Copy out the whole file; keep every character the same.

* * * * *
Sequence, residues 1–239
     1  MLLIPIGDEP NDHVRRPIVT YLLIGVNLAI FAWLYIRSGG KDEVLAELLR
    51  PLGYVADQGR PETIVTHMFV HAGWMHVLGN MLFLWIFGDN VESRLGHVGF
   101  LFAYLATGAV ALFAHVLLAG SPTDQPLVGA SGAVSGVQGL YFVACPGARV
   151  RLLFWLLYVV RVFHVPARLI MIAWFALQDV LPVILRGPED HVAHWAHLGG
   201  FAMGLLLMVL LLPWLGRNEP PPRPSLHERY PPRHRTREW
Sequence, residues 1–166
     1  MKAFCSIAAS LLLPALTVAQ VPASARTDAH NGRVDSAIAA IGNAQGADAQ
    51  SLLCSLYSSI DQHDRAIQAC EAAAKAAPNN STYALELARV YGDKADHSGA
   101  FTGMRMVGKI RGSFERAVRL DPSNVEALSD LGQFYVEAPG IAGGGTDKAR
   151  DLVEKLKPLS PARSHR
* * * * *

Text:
Sequence, residues 1–239
     1  MLLIPIGDEP NDHVRRPIVT YLLIGVNLAI FAWLYIRSGG KDEVLAELLR
    51  PLGYVADQGR PETIVTHMFV HAGWMHVLGN MLFLWIFGDN VESRLGHVGF
   101  LFAYLATGAV ALFAHVLLAG SPTDQPLVGA SGAVSGVQGL YFVACPGARV
   151  RLLFWLLYVV RVFHVPARLI MIAWFALQDV LPVILRGPED HVAHWAHLGG
   201  FAMGLLLMVL LLPWLGRNEP PPRPSLHERY PPRHRTREW
Sequence, residues 1–166
     1  MKAFCSIAAS LLLPALTVAQ VPASARTDAH NGRVDSAIAA IGNAQGADAQ
    51  SLLCSLYSSI DQHDRAIQAC EAAAKAAPNN STYALELARV YGDKADHSGA
   101  FTGMRMVGKI RGSFERAVRL DPSNVEALSD LGQFYVEAPG IAGGGTDKAR
   151  DLVEKLKPLS PARSHR